With regard to the second objective, compatibility with Hydra and ArchivesSpace is exactly what we need (although not necessarily in that order). We'll be going live with ArchivesSpace (fingers crossed!) sometime between now and March 31st, 2016, and, as part of a MLibrary-wide effort we'll be moving to a Hydra-based implementation of Deep Blue in the "medium-term" (two to three years). In case you don't know the back story on that latter point, shortly after the grant was awarded, MLibrary decided to adopt Hydra as a repository platform. In light of this development, we hope to fulfill grant requirements by integrating DSpace into the workflow, but will give care to ensure that solutions for sharing data and metadata between systems will also be appropriate in a Hydra environment (and, in general, repository agnostic).

We're also excited about the fact that ArcLight could be integrated with ArchivesSpace. The process now to add or update EADs in our online display is rather cumbersome, involving at least three versions of a finding aid, two versions of the EAD, and up to four people (including one that's doesn't even work at the Bentley!) to get them up and make them live. Integration with ArchivesSpace would cut all of those numbers down to one.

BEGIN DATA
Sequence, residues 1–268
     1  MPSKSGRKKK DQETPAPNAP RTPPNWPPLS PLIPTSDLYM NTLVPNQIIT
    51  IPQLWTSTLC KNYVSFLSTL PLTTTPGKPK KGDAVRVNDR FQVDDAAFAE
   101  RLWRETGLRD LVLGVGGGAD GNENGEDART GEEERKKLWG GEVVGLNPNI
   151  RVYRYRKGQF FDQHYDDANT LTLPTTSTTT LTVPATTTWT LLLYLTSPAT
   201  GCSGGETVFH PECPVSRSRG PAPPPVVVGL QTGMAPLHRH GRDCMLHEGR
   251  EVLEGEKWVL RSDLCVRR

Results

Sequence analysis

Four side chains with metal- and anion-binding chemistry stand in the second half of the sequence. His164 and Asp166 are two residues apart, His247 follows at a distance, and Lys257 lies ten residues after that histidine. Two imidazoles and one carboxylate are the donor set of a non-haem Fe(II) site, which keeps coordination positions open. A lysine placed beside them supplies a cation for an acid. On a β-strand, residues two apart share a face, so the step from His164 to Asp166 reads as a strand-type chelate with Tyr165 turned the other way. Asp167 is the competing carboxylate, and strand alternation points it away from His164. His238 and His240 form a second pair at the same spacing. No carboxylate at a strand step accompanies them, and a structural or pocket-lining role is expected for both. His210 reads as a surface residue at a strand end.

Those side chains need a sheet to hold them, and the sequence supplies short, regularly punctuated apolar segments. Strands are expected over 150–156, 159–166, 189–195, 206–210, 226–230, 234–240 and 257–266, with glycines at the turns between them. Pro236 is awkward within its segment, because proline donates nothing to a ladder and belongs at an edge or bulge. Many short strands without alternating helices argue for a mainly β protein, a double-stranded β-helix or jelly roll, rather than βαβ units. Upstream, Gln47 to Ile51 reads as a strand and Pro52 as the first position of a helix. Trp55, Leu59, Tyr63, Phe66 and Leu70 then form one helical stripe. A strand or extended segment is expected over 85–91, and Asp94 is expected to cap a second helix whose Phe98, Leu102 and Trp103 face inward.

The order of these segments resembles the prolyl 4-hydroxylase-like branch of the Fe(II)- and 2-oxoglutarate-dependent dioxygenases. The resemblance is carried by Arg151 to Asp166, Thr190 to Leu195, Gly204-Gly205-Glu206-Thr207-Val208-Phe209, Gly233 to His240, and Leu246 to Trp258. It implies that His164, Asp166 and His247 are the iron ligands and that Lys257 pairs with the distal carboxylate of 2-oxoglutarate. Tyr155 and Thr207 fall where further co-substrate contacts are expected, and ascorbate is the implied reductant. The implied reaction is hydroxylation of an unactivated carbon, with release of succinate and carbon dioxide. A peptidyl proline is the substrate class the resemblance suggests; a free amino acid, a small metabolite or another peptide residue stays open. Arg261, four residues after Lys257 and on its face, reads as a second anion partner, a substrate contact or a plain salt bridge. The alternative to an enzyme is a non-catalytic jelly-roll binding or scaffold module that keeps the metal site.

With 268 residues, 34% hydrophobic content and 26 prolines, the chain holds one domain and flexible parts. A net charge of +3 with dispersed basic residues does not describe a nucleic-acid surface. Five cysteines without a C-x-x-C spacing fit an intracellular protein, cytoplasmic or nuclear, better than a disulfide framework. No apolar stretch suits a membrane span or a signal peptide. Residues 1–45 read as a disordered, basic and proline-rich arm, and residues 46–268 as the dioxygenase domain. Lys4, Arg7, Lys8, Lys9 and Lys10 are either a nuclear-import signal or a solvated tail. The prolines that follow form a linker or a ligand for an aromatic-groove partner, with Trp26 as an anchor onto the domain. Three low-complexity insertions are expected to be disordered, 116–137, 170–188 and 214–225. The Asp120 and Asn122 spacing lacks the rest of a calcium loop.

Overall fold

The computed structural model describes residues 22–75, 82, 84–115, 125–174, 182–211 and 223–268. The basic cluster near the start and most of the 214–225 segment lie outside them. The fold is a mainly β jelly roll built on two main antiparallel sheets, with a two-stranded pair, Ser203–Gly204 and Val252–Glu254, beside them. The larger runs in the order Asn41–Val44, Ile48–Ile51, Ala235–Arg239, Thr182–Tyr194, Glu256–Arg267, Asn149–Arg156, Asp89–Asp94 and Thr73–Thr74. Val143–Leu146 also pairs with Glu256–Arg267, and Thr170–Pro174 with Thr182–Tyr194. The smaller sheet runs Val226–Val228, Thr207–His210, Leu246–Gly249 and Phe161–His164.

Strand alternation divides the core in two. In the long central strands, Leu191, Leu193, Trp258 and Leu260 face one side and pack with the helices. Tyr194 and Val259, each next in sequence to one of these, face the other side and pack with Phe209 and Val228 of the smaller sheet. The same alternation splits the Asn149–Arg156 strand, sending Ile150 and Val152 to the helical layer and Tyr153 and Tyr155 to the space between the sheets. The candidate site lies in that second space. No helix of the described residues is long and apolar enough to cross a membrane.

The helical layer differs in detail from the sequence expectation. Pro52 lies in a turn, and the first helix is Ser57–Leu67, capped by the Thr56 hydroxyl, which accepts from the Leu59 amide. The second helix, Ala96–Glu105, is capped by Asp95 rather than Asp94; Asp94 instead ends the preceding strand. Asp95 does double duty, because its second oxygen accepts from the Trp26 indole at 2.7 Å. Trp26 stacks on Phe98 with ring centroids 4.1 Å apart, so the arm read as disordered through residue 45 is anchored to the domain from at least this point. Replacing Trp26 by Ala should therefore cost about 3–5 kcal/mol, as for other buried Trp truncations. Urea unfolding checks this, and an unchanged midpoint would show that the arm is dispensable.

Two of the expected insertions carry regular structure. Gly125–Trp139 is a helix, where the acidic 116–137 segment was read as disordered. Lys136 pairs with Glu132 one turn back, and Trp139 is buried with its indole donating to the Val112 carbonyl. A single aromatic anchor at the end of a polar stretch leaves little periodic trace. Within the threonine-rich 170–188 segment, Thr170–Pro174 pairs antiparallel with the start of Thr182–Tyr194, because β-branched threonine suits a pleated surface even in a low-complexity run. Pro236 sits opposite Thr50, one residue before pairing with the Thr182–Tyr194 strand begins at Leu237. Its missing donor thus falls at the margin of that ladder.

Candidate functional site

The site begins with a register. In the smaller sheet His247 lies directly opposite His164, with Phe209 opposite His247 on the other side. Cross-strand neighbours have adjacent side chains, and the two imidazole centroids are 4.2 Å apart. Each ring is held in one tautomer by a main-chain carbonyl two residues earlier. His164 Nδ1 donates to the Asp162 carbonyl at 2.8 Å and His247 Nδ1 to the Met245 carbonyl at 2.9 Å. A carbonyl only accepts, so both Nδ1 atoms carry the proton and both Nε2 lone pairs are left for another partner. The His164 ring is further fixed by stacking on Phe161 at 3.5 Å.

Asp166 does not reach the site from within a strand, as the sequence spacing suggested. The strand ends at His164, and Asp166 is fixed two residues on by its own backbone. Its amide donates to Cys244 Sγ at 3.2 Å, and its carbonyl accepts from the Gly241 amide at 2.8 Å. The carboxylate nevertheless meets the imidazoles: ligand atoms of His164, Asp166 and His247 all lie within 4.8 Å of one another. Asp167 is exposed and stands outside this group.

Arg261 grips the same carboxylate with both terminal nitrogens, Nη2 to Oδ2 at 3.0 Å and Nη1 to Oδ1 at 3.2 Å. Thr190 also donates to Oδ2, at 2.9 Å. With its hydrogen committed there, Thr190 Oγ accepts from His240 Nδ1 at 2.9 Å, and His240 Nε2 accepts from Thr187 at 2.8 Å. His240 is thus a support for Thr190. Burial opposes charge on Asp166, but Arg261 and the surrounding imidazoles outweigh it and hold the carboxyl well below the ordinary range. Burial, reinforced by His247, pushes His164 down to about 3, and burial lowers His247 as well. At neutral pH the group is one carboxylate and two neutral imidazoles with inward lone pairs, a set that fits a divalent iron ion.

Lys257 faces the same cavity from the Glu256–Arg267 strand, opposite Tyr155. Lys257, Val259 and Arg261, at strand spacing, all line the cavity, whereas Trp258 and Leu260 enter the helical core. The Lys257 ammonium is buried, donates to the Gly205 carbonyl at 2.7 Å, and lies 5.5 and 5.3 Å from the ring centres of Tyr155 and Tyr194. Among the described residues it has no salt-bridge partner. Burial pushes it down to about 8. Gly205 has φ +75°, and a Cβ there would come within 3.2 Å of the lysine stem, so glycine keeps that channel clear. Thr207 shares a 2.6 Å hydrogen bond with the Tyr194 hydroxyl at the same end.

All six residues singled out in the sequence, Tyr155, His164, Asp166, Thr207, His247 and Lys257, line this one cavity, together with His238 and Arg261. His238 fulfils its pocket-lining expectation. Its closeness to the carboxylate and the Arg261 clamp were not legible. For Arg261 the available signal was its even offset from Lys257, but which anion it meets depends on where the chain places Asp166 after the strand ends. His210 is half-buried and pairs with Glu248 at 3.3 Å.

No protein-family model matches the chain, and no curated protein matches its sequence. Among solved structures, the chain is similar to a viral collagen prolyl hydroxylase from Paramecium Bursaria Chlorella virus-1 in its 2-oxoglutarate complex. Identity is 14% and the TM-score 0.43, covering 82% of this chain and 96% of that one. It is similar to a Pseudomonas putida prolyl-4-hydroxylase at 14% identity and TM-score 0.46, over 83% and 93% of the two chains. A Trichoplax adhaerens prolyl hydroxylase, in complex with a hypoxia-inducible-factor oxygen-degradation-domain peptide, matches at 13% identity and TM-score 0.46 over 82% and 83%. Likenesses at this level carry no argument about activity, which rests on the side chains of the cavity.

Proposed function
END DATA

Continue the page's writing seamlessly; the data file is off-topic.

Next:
Finally, with regard to the third objective, we're interested in something that is developed by the Hydra/Blacklight community for the same reason we're interested in something that is developed by the Archivematica, ArchiveSpace or DSpace community: the community.

ArcLight Design Process

If you're interested in the ArcLight design process, you can read more about it here. In short, it consists of three stages:

Discovery >>> Information Architecture >>> Interaction & Visual Design (and Development)

The second phase of "Discovery," which kicked off their user-centered design process to produce documentation to guide development, and which we have been contributing to, is just now coming to a close.  Stanford hopes to start the actual development of ArcLight by 2016, and I for one can't wait to see what happens!

What It Isn't